Nigeria's Halliburton Probe Closes in On Corrupt Officials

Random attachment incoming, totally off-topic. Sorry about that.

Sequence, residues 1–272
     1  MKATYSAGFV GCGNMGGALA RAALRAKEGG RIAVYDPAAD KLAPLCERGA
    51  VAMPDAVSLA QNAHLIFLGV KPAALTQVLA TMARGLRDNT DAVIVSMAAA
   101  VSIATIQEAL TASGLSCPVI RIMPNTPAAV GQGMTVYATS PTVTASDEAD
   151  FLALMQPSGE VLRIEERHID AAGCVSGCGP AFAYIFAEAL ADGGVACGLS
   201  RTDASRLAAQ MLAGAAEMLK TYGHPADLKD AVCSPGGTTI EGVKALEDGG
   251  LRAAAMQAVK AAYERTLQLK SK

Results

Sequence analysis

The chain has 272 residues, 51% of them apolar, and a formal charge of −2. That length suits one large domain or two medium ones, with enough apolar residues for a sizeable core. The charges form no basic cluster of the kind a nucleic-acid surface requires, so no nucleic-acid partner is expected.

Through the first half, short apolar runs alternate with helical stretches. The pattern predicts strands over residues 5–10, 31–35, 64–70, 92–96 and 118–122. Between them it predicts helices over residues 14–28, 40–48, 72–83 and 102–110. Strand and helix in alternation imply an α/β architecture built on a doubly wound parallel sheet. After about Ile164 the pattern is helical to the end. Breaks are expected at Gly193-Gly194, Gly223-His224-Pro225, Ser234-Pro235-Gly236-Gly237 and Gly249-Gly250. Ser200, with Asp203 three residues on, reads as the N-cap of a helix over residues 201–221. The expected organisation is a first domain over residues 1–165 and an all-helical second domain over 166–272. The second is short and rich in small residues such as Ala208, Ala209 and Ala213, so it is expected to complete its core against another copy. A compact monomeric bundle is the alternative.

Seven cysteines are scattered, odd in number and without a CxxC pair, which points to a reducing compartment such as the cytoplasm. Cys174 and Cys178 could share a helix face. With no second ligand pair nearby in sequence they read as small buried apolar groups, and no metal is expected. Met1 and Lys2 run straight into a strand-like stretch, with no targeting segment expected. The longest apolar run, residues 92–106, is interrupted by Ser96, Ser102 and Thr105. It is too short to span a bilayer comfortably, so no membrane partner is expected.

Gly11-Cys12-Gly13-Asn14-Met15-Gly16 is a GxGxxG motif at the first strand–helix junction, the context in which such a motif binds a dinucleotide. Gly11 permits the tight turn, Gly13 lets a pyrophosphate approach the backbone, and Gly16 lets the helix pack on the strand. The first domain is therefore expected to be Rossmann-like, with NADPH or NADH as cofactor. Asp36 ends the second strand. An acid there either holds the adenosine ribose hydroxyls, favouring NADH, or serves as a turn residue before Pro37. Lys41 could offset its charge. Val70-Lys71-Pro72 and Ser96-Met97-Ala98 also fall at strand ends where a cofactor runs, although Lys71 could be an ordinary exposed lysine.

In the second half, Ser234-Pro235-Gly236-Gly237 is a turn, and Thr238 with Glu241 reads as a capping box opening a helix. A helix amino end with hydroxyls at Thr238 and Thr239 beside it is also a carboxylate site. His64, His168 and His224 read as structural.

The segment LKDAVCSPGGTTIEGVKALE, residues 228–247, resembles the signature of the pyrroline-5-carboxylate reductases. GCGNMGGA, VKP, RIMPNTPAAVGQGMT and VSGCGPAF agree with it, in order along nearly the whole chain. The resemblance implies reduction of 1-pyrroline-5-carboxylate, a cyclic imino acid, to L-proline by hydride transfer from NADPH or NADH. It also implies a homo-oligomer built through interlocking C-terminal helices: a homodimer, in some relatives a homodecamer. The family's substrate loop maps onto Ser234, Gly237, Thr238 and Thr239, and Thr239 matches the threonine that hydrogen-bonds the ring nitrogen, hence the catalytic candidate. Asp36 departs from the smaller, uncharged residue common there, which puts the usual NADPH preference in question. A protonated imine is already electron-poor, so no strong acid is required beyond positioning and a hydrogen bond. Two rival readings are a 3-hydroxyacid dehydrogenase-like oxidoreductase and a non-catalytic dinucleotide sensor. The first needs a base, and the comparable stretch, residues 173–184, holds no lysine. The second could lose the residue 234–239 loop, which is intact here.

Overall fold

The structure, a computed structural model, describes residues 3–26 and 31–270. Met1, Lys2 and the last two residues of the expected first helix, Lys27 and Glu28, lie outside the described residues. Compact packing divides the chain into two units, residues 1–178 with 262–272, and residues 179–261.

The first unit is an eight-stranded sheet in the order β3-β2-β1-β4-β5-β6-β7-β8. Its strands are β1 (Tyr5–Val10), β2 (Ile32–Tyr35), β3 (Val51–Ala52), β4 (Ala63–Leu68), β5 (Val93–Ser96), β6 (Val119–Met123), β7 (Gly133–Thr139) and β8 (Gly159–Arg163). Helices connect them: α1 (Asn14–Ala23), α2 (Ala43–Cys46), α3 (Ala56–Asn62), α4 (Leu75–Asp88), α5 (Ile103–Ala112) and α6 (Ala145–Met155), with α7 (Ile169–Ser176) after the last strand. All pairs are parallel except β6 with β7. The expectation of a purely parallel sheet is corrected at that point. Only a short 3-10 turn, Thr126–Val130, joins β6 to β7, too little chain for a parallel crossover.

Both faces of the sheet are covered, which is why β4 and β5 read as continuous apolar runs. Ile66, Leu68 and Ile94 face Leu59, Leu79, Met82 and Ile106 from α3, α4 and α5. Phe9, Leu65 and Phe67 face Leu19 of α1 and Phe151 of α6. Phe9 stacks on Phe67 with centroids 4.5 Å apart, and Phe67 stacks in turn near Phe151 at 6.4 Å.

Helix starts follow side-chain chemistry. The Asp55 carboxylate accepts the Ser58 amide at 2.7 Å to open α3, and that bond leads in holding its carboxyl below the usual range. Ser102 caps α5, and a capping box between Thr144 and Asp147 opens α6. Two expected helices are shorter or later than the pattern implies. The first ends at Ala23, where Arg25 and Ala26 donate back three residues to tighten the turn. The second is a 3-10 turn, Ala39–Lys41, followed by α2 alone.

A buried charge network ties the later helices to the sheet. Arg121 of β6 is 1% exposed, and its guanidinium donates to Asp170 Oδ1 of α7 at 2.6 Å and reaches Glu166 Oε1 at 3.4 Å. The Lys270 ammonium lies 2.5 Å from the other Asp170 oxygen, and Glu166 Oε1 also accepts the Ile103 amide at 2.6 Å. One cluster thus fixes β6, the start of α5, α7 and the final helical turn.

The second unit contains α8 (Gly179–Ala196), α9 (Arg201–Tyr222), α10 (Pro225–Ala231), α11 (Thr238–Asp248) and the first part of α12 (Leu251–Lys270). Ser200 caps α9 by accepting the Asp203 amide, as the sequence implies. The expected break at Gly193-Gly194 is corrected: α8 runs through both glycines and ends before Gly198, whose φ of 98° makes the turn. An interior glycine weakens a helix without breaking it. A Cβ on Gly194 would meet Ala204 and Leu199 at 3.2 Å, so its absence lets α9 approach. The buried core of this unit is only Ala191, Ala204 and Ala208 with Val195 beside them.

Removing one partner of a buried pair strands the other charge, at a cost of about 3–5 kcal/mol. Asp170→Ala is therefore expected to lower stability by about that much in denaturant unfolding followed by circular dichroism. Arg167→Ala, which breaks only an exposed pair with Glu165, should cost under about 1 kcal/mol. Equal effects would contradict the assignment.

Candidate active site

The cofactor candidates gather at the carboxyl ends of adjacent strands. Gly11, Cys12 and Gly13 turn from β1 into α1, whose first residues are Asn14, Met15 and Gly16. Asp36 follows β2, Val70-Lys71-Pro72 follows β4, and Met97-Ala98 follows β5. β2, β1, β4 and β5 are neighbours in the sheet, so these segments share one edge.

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Nigerian investigators are said to be focusing on six high-ranking officials in efforts to trace the beneficiaries of a multimillion-dollar bribery scandal involving construction of the Bonny Island LNG terminal (IOD Mar.31,p3). The five-member anti-graft panel was set up in April by the government and given eight weeks to probe the scheme. They are looking into allegations that bribes were paid by engineering group KBR to government and other senior officials, some working for Nigerian National Petroleum and Nigeria LNG (NLNG), to secure $6 billion worth of contracts for the Bonny Island plant between 1994 and 2004. Last week, the panel -- led by Nigeria's head of police, Mike Okiro -- quizzed a number of officials, including former Oil Minister Don Etiebet and NNPC's former group managing director, Jackson Gaius Obaseki. Also in the spotlight is another ex-head of NNPC, Funsho Kupolokun. Former Oil Minister Dan Etete is also being sought for questioning. Three former presidents, including the late Sani Abacha, Abdulsalami Abubakar and, more recently, Olusegun Obasanjo, have also been indicted in the scandal, which spanned three governments. The US government in February formally charged KBR in the $180 million bribery scheme following a deal with its erstwhile parent, Halliburton, to pay $559 million to end the probe. KBR was charged on five counts, including conspiracy to violate the Foreign Corrupt Practices Act (FCPA). The Nigerian government subsequently announced that most of the $180 million Halliburton slush fund had been traced to a bank account in Zurich, Switzerland. The key question now is whether Nigeria will make good on its pledge to bring the corrupt officials to book. It could prove risky given their long-standing links to militant and criminal gangs in the oil-producing Niger Delta, where violence has recently exploded. Testifying last month in Washington before the House Financial Services Committee, Nuhu Ribadu, former head of Nigeria's Economic and Financial Crimes Commission (EFCC) -- which is involved in the Halliburton-KBR probe -- urged Congress to expand the FCPA "to bite both givers and takers of bribes." He called for eliminating safe tax havens and secret offshore bank accounts and pressed for public programs to promote investigative journalism and transparency. In 80% of the corruption that takes place in Africa, the money is stashed abroad. Above all, Ribadu said, international cooperation is key. During Ribadu's four-year stint as EFCC head, which ended controversially in 2007, the commission opened hundreds of investigations, securing convictions in over 275 cases against high-ranking officials, including former governors allied to Obasanjo. At the hearing, Ribadu highlighted the destabilizing financial impact African corruption has on global markets -- and warned that taking a soft line on sleaze would only store up problems for the future. The African Union reckons corruption drains the region of some $140 billion a year, which is about 25% of the continent's official GDP. Ribadu's pursuit of James Ibori, ex-governor of oil-rich Delta state, marked the beginning of the end for the former EFCC chief, sparking a chain of events that led to his eventual dismissal. He left Nigeria temporarily in 2008 after a failed assassination attempt and is now in the UK as a visiting fellow at St. Anthony’s College, Oxford. Ibori was charged on 103 counts, ranging from money laundering to abuse of office. During the investigation, Ribadu claimed he was offered $15 million to drop the proceedings. Ibori, who was said to have been the biggest financial sponsor of Yar'Adua's 2007 presidential campaign, has still not been brought to trial. "Sadly, today [Ibori] is still one of the most powerful political figures in both the ruling party and the country," Ribadu said. "This clearly highlights the problem of the Delta -- money meant to have gone for development has gone to very few hands and is used for negative ends." Deb Kelly, London

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